The Ban On Transgender Troops Could Be Lifted As Early As Next Month
Last week, ahead of Sunday’s glorious haze of Pride festivities, the Pentagon officially announced the repeal of its ban on transgender service members effective early in July. A Defense official anonymously told USA Today that top personnel would meet on Monday to finalize the plan, which could receive approval from Deputy Defense Secretary Bob Work as early as Wednesday, and be formally announced around Independence Day. It would be pretty cool to celebrate the anniversary of a nation that has historically excluded so many groups from its claims of freedom and independence with inclusivity like this.
Talks were in place about lifting the ban as early as last year, when Defense Secretary Ash Carter announced the Department of Defense intended on lifting it unless review indicated this would somehow have “adverse impact on military effectiveness and readiness.” Since this clearly wasn’t the case, each branch of the military will have a one-year period “to implement new policies affecting recruiting, housing, and uniforms for transgender troops,” according to USA Today.
Since the Obama administration has never been shy about acknowledging the fact that LGBTQ individuals are as competent as straight people, from appointing an openly gay man to be army secretary to appointing a transgender woman to the President’s Advisory Council on Faith-Based and Neighborhood Partnerships, this victory for trans rights should hardly come as a surprise. But unfortunately, conservative criticism of what some are un-ironically calling the Obama administration’s latest “social experiment” shouldn’t come as a surprise, either.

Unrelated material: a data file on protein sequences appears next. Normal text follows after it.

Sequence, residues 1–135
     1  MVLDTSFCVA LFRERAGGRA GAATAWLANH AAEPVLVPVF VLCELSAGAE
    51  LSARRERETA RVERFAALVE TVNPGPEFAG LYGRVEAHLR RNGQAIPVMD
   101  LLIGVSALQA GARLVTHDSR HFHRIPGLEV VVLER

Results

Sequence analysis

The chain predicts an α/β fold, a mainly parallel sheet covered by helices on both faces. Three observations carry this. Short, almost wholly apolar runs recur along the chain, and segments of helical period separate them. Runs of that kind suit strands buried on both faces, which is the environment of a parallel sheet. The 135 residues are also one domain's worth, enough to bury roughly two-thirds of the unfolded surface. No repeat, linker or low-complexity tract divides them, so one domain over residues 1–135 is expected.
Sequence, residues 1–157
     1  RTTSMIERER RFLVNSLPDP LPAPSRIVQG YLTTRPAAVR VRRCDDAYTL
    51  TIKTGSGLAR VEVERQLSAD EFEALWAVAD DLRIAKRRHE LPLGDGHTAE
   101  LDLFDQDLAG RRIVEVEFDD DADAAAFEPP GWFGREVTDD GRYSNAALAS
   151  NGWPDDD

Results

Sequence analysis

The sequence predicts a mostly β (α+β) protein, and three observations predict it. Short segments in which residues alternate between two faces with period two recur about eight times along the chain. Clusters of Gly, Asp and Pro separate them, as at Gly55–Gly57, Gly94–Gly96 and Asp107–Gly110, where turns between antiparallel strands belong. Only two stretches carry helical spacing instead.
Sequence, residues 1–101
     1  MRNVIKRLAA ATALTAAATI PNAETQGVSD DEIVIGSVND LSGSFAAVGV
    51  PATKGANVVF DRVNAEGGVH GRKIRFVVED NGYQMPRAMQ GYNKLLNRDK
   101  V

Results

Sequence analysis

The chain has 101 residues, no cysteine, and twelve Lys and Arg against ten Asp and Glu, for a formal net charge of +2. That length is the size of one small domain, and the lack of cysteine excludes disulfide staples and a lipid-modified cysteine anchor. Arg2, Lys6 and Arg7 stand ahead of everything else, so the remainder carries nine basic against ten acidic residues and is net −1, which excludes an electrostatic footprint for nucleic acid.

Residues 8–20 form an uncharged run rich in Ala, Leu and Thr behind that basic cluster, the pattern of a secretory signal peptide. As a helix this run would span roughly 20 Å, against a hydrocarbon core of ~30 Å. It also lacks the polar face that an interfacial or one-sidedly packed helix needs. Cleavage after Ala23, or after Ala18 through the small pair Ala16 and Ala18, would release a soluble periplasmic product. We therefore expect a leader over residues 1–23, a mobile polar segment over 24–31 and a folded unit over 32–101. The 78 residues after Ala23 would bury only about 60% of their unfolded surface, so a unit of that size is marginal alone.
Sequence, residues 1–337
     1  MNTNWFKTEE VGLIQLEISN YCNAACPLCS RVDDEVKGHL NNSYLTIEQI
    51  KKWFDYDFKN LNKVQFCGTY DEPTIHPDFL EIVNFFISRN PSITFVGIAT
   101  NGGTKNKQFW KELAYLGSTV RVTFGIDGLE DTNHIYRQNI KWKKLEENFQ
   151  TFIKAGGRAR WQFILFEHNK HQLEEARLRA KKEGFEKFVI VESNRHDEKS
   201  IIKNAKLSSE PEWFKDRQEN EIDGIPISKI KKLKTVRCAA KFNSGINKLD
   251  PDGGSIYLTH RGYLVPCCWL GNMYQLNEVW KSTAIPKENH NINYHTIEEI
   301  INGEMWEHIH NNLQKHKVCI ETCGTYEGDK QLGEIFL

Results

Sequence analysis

Republican Representative Mac Thornberry of Texas, chair of the House of the Armed Services Committee, issued a statement saying, “If reports are correct, I believe Secretary Carter has put the political agenda of a departing administration ahead of the military’s readiness crisis,” implying that transgender individuals are inherently less capable and will make the military less “ready” (with literally zero evidence to back up this transphobic claim). Further, Thornberry questioned how the Pentagon would be able to provide medical treatment for transgender troops if this included costs of hormone therapy and surgery.
Considering the Department of Defense has dedicated about one year to looking into potentially adverse effects of lifting the ban, I’m willing to bet officials spent some time factoring in things like medical costs. Additionally, considering the trillions the Pentagon has famously invested in never-used warplanes, I’m inclined to think money to foster a more tolerant and effective environment for every American willing to die for their nation does, in fact, exist.
Estimates of how many active-duty members of the military identify as transgender range from 2,450 of the total 1.2 million, according to a study by the RAND Corporation, to 15,000, according to a study by UCLA.
News of the Pentagon’s decision to move toward progress and equality follows a deadly mass shooting at a gay nightclub in Orlando that has been widely perceived as a direct attack on the LGBTQ community. The end of this transphobic ban — which unjustly attacks individuals who are quite literally willing to die for their nation — offers hope that in the wake of such devastating tragedy, we’re finally moving in the right direction.